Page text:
The Habsburgs were fought to a standstill, their attempt to create a pan-European absolutism defeated. Germany was left a mosaic of petty states, often at war with one another, separated by customs barriers, and divided by religion.

Where the Catholic League triumphed outright, there was black reaction. The screws of feudal exploitation tightened on the Bohemian peasantry, many of whom ended up handing over half their produce to the landlords, draining the countryside of the surpluses needed to improve farms and raise productivity. The towns were depopulated. The Czech language declined.

The nations of Central Europe were either fragmented or agglomerated without regard to linguistic, ethnic, or cultural boundaries. Only in 1871 was Germany finally to be united. Not before 1918 would the subject peoples of the Habsburg Empire break free.

This was the historical price paid for the ‘deflected’ Reformation – its transformation from popular revolution into aristocratic factionalism.

No less momentous was the impact of the war on Spain and France. Habsburg Spain, funded by its European and New World empires, had been the most formidable military power of the 16th century. But geopolitical pre-eminence had masked socio-economic stagnation.

The old feudal landowning class still dominated the Iberian peninsula. Trade and towns remained underdeveloped. Science and culture wilted in the shadow of Habsburg absolutism and the Holy Inquisition.

The 16th and 17th centuries were an age of transition. Mercantile capitalism and bourgeois revolution were elevating some societies at the expense of others. In this context, Imperial Spain’s politico-military ambition was in contradiction with its socio-economic backwardness.

During the Thirty Years War, the law of political gravity asserted itself. After a century-long struggle to crush the Reformation in Northern Europe, the drain on its resources between 1618 and 1648 caused Imperial Spain’s military power finally to collapse.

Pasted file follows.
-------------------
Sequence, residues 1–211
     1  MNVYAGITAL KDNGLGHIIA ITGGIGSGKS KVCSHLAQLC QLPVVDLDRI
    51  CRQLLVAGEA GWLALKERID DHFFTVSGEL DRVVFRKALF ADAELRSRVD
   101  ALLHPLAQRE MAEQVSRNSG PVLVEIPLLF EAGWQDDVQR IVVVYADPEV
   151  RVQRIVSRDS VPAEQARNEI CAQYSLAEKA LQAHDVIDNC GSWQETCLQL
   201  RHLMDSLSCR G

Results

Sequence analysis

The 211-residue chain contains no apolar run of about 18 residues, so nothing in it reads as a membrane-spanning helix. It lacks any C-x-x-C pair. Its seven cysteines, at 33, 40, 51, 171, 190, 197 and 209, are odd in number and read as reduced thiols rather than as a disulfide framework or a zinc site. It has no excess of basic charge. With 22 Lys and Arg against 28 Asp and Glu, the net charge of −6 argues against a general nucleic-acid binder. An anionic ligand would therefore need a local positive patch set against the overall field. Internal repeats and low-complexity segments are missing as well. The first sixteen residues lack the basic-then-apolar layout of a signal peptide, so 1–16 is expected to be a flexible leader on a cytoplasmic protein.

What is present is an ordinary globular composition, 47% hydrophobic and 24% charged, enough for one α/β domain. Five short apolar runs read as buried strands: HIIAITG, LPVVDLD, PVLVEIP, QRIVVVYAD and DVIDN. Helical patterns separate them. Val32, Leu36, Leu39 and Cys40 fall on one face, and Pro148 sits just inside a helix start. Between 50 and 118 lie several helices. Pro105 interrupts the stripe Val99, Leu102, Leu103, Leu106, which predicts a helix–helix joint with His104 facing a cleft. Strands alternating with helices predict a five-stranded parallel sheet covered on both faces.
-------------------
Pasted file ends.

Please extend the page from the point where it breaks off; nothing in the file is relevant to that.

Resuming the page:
Cardinal Richelieu - architect of French absolutismGeopolitical hegemony on the Continent passed to France. With the late 16th century Wars of Religion settled by compromise, the French monarchy was raised, during the 1620s and 1630s, into a powerful absolutism under the political leadership of Cardinal Richelieu.

The Huguenots lost their strongholds and ceased to be ‘a state within the state’. The nobles were brought to heel: castles were demolished, duelling forbidden, and plots crushed. The nobles became courtiers, the local parlements lost effective power, and royal intendants and travelling commissioners ruled in their place.

Loyalists were rewarded with offices and privileges. The French aristocracy morphed into a caste of pampered state functionaries and dependants. Feudal power remained intact in the countryside, and state taxation to support the absolute monarch’s war-machine ground the peasantry into poverty and apathy, punctuated by occasional doomed uprisings.

Between 1635 and 1648, absolutist France intervened in the Thirty Years War to prevent Habsburg victory. The result was French supremacy in Europe.

Between 1648 and 1653, the monarchy was challenged internally by ‘the Frondes’ – a popular revolt against war-taxes followed by an aristocratic revolt against absolutism. The Frondes were, in a sense, an abortive revolution by disparate, ill-defined, uncoordinated forces. The new monarchy weathered the storm.

Absolutist France was destined to dominate Continental Europe for more than a century. In that time, Britain would prove to be its most enduring and increasingly effective rival.

In Britain, on the other hand, the outcome of the struggle between Reformation and Counter-Reformation, between bourgeois revolution and absolutism, had proved very different from that in France, Spain, and Germany. It was here that the revolutionary promise of the Reformation was most fully realised.

Neil Faulkner

Neil Faulkner is a freelance archaeologist and historian. He works as a writer, lecturer, excavator, and occasional broadcaster. His books include ‘A Visitor’s Guide to the Ancient Olympics‘ and ‘A Marxist History of the World: from Neanderthals to Neoliberals‘.